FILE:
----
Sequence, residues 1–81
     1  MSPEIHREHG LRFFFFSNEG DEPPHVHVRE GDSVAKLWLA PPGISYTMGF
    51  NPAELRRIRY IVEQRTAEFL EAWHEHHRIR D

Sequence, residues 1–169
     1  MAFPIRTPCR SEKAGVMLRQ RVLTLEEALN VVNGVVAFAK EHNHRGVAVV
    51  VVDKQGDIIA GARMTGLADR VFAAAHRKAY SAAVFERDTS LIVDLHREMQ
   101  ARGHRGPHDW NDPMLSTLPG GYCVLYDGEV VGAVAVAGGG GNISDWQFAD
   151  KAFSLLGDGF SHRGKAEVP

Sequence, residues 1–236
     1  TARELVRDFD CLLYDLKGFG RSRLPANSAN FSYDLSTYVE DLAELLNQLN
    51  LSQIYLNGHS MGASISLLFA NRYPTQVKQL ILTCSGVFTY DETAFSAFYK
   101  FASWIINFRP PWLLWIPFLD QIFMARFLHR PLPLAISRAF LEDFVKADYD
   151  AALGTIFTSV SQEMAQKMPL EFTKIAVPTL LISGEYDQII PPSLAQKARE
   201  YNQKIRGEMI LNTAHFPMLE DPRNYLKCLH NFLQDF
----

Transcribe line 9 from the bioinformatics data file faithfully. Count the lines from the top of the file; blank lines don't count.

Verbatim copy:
Sequence, residues 1–236